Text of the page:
The International Union for Conservation of Nature (IUCN) highlighted the uncertainty in the latest version of its Red List of Threatened Species, which was released in November. The report evaluated more than 76,000 species, a big increase over earlier editions. But that is just 4% of the more than 1.7 million species that have been described by scientists, making it impossible to offer any reliable threat level for groups that have not been adequately assessed, such as fish, reptiles and insects.

Recognizing these caveats, Nature pulled together the most reliable available data to provide a graphic status report of life on Earth (see ‘Life under threat’). Among the groups that can be assessed, amphibians stand out as the most imperilled: 41% face the threat of extinction, in part because of devastating epidemics caused by chytrid fungi. Large fractions of mammals and birds face significant threats because of habitat loss and degradation, as well as activities such as hunting.

Looking forward, the picture gets less certain. The effects of climate change, which are hard to forecast in terms of pace and pattern, will probably accelerate extinctions in as-yet unknown ways. One simple way to project into the future would be to assume that the rate of extinction will be constant; it is currently estimated to range from 0.01% to 0.7% of all existing species a year. “There is a huge uncertainty in projecting future extinction rates,” says Henrique Pereira, an ecologist at the German Centre for Integrative Biodiversity Research in Leipzig.

At the upper rate, thousands of species are disappearing each year. If that trend continues, it could lead to a mass extinction — defined as a loss of 75% of species — over the next few centuries.

Conservation policies could slow extinctions, but current trends do not give much comfort. Although nations are expanding the number of land and ocean areas that they set aside for protection, most measures of biodiversity show that pressures on species are increasing. “In general, the state of biodiversity is worsening, in many cases significantly,” says Derek Tittensor, a marine ecologist with the United Nations Environment Programme’s World Conservation Monitoring Centre in Cambridge, UK.

Despite all the uncertainty, researchers agree that they need to devote more attention to evaluating current and future risks to biodiversity. One approach is to develop comprehensive computer models that can forecast how human activities will alter ecosystems. These general ecosystem models, or GEMs, are in their infancy: earlier this year, Tittensor and his colleagues published initial results from the first global model that seeks to mimic all the major ecological interactions on Earth in much the same way as climate models simulate the atmosphere and oceans (M. B. J. Harfoot et al. PLoS Biol.12,e1001841; 2014).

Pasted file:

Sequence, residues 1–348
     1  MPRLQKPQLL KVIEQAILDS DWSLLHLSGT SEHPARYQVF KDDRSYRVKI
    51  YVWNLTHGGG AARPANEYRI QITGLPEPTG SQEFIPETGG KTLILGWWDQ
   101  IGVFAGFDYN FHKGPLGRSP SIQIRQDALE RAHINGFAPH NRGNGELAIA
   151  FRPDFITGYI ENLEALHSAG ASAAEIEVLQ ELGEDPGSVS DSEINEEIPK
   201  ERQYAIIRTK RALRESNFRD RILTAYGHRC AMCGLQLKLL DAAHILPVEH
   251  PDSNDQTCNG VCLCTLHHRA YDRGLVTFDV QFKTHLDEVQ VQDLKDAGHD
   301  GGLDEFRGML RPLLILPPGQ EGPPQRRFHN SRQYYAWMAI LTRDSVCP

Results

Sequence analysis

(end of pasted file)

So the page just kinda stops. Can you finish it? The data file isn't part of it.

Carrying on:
Building the GEM took 3 years, in part because the model tries to represent all organisms with body masses ranging from 10 micrograms (about the weight of small plankton) to 150,000 kilograms (roughly the size of a blue whale). “It needs a lot more development and testing, and ideally there will be a lot more variety of these models,” says Tittensor. But if they do a decent job of capturing the breadth of life in a computer, he says, “they have real potential to alert us to potential problems we wouldn’t otherwise detect”.

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Protecting mangroves can lower disaster risks, offer cash: experts

SALEEM SHAIKH Reuters 11 Dec 14;

LIMA (Thomson Reuters Foundation) - Better protecting the world's fast-disappearing mangroves could have big economic, social and environmental benefits, experts said at the U.N. climate talks in Lima this week.

Besides protecting shorelines from extreme weather and providing fish a safe place to breed, mangroves could play a big role in trapping climate-changing carbon emissions, something that has so far been largely overlooked, they said.

The world needs to ensure that, at both national and international levels, "mangroves have a place in REDD+ (Reducing Emissions from Deforestation and Forest Degradation) strategies and other low carbon development strategies such as National Appropriate Mitigation Actions (NAMAs),” said Achim Steiner, the U.N. Environment Program's executive director.

Right now, an absence of a carbon finance mechanisms for mangroves, and a lack of policy to support mangrove ecosystems - as well as widespread losses of mangroves themselves - mean hundredsof billions of dollars worth of potential benefits are being lost, the experts said.